Our local believers love the translated version of the song, “I Have Decided to Follow Jesus.” Initially, I lamented this, carrying the cultural baggage that I do with that song from Bible camp altar calls that were dragged out for way too long. But the locals don’t have that baggage. And turns out it’s not even a Western song. It was written by an Indian believer. After that at some point it took over Western Christianity. In that sense, the song is actually indigenous to Asia. But it became so common in the West that someone like me had no idea of its Asian origin until I was enlightened by a colleague that grew up in South Asia. So there is a hefty dose of irony in my original disappointment that this “Western” song is so beloved here.

I am frankly impressed that the “Happy Birthday” tune has taken over the world. Who could have seen that coming? Now, which creations culture go viral will always be impossible to predict. And yet that is an encouragement to be creators of culture ourselves – songwriters, authors, craftsmen, inventors. If we create cultural forms that serve our local context, then that’s a win. But who knows? Like the little song written on Kenwood Hill, our creation just may go farther then we ever could have dreamed.

An Idiom Defending Hard Work

What? You say I’ve just been peeling onions for five years?

Local Oral Tradition

This is an idiom to pull out when a friend seems a little too surprised that you’ve actually been productive or gotten a lot done. “You were expecting something else? Whaddya think we’re doin’ round here?”

I have in fact not been as consistent blogging this past month as I had hoped. Our move to our previous city and the time it took finding and setting up a new house was more work than I expected. But we have been working hard! No peeling onions going on around here, I can assure you of that. I am however looking forward to a more steady schedule now and a return to more consistent writing. After a year of blogging almost daily, it was interesting to have a few weeks where I wasn’t. I truly missed it. And that itself is clarifying and reassures me that this was not just a good one year experiment, but something I’m supposed to give myself to for the long haul.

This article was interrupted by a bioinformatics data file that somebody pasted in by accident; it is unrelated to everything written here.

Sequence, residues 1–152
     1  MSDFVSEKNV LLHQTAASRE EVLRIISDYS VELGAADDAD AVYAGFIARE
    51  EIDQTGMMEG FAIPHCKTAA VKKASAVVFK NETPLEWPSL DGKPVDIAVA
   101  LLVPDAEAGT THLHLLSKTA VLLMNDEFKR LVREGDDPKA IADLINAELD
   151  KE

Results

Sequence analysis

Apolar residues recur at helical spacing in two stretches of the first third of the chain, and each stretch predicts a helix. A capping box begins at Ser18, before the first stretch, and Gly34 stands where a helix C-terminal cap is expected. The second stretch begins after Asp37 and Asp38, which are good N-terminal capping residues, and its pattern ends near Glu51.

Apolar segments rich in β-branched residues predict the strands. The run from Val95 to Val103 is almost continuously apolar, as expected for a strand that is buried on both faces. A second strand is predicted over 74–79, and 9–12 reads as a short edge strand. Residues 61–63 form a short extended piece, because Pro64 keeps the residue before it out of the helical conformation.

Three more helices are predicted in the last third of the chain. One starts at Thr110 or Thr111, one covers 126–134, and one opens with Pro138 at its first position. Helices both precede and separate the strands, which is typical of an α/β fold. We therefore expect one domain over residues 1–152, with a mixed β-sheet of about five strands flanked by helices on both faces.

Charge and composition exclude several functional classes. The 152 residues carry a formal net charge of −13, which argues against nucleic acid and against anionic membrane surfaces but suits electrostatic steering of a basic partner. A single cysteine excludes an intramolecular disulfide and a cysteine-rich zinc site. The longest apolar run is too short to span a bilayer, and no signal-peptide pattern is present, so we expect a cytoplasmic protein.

The Sheikh’s Spells

“You see those peacock doors?” my friend asked as we drove along a major road in our new neighborhood. “That’s where The Sheikh lives. He is super rich from all the people that come to him for – what do you call it in English? You know, when someone uses paper and verses from the Qur’an to curse someone’s enemies?”

“You mean spells?”

“Yes! Spells. He charges $35 for a basic spell – and dozens of people come to him every day. So many women come to curse families that they are fighting with. And he’s been doing it for decades.”

“Is that legal? Does the whole city know about him?” I asked.

“Ha! Yes, the government won’t stop it. And he’s super famous. Everyone knows what he does.”

“So do people come to him for blessing spells as well? Like if they want their child to recover from an illness?”

“Oh yes, that too. Spells for cursing and for blessing. And $35 is only for the most basic ones. He charges a lot more for the bigger jobs.”

“It’s just like Melanesia,” I said, shaking my head. “Every village had a man called a sangumaman, and he was basically the village witch doctor, cursing and blessing (for the right price), helping people try to manipulate the spirits.”